Alexandria, Va. April 1, 2014 - Nine U.S. Representatives have written to the U.S. Department of Defense's TRICARE program in support of patient choice of pharmacy and to raise concerns regarding a new mandatory mail order program that was recently imposed upon beneficiaries for certain brand-name prescription drugs. The National Community Pharmacists Association (NCPA) today commended the lawmakers and reiterated the organization's opposition to the mail order program.
"We are concerned that many TRICARE for Life patients who prefer to get their prescriptions from a community pharmacist have seen their options limited," the lawmakers wrote. "Community pharmacists provide invaluable face-to-face counseling services and are trained to identify potential prescription drug abuse, which is a matter of increasing concern across the nation."
The letter was signed by U.S. Reps. Walter Jones (R-N.C.); Dave Loebsack (D-Iowa); Austin Scott (R-Ga.); John Garamendi (D-Calif.); Doug Collins (R-Ga.); Rick Larsen (D-Wash.); Lynn Westmoreland (R-Ga.); Sam Farr (D-Calif.); and Joe Courtney (D-Conn.). The lawmakers expressed misgiving over potential disruption of care for beneficiaries who use local pharmacies for some prescription drugs and pharmacist services such as immunization or medication therapy management (MTM), while other prescription drugs fall under the mandatory mail order program. They also urged TRICARE to require its mail order providers to obtain patient consent prior to delivery of medications, in order to mitigate waste such as through auto-shipping.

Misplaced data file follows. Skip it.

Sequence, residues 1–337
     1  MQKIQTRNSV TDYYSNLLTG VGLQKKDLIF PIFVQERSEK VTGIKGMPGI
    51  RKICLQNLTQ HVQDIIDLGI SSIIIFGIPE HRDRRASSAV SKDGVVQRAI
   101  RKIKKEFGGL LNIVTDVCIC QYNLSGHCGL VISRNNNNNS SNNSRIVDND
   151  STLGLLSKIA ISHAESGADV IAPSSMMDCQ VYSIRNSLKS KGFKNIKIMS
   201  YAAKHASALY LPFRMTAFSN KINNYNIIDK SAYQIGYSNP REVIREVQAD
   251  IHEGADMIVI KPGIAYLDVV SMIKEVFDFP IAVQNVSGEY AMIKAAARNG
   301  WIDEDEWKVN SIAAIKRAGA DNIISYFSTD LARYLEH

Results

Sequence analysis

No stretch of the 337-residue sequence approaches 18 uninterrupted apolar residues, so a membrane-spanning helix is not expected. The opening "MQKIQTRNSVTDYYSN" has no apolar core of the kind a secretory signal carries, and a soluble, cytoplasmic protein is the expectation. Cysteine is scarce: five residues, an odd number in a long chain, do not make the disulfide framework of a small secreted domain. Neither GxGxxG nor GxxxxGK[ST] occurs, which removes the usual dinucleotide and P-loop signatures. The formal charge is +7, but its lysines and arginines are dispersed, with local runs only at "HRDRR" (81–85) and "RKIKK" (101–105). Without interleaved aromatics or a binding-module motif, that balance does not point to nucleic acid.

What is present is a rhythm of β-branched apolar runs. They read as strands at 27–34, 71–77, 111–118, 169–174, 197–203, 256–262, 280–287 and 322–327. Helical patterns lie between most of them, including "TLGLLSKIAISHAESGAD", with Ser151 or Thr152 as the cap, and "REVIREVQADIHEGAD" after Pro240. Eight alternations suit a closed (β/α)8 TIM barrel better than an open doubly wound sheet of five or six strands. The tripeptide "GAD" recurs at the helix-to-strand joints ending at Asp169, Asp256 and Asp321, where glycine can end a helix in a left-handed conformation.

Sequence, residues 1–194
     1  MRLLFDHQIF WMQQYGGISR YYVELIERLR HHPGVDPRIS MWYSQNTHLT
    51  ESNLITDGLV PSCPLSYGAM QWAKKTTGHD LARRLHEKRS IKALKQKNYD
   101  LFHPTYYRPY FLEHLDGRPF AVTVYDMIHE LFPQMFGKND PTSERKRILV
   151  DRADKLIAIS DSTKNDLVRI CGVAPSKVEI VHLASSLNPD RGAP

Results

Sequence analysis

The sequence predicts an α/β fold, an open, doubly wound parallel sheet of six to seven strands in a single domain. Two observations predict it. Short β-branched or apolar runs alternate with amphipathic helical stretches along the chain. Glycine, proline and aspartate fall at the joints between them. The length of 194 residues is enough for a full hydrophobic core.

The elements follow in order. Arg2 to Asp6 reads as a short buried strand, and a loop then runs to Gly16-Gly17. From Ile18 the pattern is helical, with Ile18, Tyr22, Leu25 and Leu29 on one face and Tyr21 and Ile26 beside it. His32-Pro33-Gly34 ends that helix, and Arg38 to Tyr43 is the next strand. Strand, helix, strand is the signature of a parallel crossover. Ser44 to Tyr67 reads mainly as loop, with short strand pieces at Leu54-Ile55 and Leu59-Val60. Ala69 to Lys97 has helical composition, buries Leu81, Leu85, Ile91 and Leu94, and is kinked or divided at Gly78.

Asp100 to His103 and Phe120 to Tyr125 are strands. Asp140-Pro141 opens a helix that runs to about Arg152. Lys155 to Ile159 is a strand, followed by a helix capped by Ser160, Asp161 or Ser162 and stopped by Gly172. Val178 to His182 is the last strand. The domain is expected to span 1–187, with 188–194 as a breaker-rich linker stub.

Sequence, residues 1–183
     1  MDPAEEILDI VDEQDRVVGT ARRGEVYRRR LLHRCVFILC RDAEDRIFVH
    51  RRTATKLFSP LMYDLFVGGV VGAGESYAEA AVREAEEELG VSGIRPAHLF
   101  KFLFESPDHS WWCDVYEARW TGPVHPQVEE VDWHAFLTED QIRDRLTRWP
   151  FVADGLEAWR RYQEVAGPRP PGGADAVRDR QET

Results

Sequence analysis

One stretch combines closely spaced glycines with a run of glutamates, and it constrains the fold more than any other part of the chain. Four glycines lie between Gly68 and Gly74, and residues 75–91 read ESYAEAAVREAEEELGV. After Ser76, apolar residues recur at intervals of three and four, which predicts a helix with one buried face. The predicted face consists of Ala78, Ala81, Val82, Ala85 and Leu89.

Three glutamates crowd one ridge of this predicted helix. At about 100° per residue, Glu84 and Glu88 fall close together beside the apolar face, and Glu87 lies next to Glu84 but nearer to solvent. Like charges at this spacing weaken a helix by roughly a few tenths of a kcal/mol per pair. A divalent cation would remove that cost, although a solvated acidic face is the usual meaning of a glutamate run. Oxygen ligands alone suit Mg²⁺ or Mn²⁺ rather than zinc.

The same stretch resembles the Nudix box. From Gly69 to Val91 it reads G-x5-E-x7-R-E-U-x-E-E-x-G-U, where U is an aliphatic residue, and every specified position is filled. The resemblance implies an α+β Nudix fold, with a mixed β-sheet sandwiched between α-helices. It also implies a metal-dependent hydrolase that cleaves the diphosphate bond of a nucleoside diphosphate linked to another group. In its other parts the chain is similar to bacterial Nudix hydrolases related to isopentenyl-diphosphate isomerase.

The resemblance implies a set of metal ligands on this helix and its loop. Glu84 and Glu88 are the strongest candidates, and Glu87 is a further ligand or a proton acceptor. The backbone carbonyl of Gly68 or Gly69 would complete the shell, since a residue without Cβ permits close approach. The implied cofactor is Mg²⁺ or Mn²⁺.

"We commend these lawmakers for speaking up for patient choice, quality health care and small business community pharmacies," said NCPA CEO B. Douglas Hoey, RPh, MBA. "NCPA members are proud to serve the medication and related health and wellness needs of all TRICARE beneficiaries. NCPA is committed to working with the Department of Defense to ensure that every TRICARE beneficiary's pharmacy-related needs are best met and the highest level of quality and patient care are dutifully delivered.
NCPA has repeatedly and strenuously expressed its opposition to the TRICARE mandatory mail order program. Most recently NCPA submitted comments to TRICARE suggesting patient consent be required prior to shipments; seeking clear communications to beneficiaries about their rights to apply for a waiver from the mandate; and raising concerns over continuity of care.
NCPA recently provided its members with a sample letter that independent community pharmacies can personalize and send to TRICARE beneficiaries. The letter clarifies what rights beneficiaries do have under the program.